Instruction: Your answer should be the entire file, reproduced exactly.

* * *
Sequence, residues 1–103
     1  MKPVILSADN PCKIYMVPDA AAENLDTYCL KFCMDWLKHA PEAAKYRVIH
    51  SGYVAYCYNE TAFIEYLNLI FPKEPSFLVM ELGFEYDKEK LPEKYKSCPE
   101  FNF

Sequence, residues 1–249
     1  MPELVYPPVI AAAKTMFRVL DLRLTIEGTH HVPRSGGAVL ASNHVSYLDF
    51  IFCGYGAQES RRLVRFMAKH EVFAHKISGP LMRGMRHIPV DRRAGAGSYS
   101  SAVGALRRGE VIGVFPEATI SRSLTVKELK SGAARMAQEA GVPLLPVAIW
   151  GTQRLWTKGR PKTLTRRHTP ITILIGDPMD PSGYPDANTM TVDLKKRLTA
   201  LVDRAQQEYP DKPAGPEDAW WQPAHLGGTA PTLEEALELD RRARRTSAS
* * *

Sequence, residues 1–103
     1  MKPVILSADN PCKIYMVPDA AAENLDTYCL KFCMDWLKHA PEAAKYRVIH
    51  SGYVAYCYNE TAFIEYLNLI FPKEPSFLVM ELGFEYDKEK LPEKYKSCPE
   101  FNF

Sequence, residues 1–249
     1  MPELVYPPVI AAAKTMFRVL DLRLTIEGTH HVPRSGGAVL ASNHVSYLDF
    51  IFCGYGAQES RRLVRFMAKH EVFAHKISGP LMRGMRHIPV DRRAGAGSYS
   101  SAVGALRRGE VIGVFPEATI SRSLTVKELK SGAARMAQEA GVPLLPVAIW
   151  GTQRLWTKGR PKTLTRRHTP ITILIGDPMD PSGYPDANTM TVDLKKRLTA
   201  LVDRAQQEYP DKPAGPEDAW WQPAHLGGTA PTLEEALELD RRARRTSAS